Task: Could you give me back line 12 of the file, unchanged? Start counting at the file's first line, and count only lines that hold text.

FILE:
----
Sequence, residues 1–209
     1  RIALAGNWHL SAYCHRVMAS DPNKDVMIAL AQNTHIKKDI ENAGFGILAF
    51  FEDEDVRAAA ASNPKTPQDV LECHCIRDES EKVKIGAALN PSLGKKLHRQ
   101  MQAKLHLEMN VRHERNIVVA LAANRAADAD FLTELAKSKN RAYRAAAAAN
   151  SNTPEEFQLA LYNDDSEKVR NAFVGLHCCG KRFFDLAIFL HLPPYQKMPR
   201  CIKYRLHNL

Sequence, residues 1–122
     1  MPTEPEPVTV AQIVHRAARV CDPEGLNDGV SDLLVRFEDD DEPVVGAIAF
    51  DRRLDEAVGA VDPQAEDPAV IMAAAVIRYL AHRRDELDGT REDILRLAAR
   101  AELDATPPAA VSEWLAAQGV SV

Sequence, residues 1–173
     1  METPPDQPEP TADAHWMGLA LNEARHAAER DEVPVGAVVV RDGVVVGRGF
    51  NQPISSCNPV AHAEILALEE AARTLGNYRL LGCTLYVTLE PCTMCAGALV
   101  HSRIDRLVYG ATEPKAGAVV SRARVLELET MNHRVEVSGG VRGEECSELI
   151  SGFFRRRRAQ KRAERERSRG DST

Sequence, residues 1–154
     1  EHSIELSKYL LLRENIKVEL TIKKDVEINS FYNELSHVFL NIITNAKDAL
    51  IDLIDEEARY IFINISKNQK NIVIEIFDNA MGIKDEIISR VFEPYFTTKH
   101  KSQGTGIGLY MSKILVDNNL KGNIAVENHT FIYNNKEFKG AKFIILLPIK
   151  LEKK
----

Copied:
     1  METPPDQPEP TADAHWMGLA LNEARHAAER DEVPVGAVVV RDGVVVGRGF